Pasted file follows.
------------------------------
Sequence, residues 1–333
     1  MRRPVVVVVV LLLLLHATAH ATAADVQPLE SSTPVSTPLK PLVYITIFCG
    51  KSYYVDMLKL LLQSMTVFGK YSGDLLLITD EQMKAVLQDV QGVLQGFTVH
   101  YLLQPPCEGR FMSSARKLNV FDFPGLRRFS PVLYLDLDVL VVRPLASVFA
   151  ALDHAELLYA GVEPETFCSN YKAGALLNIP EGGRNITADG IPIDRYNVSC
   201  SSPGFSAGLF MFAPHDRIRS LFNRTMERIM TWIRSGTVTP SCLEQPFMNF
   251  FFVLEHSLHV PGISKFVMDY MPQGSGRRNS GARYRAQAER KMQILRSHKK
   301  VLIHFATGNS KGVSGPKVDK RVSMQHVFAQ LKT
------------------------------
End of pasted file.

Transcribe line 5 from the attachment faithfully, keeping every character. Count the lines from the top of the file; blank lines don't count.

   151  ALDHAELLYA GVEPETFCSN YKAGALLNIP EGGRNITADG IPIDRYNVSC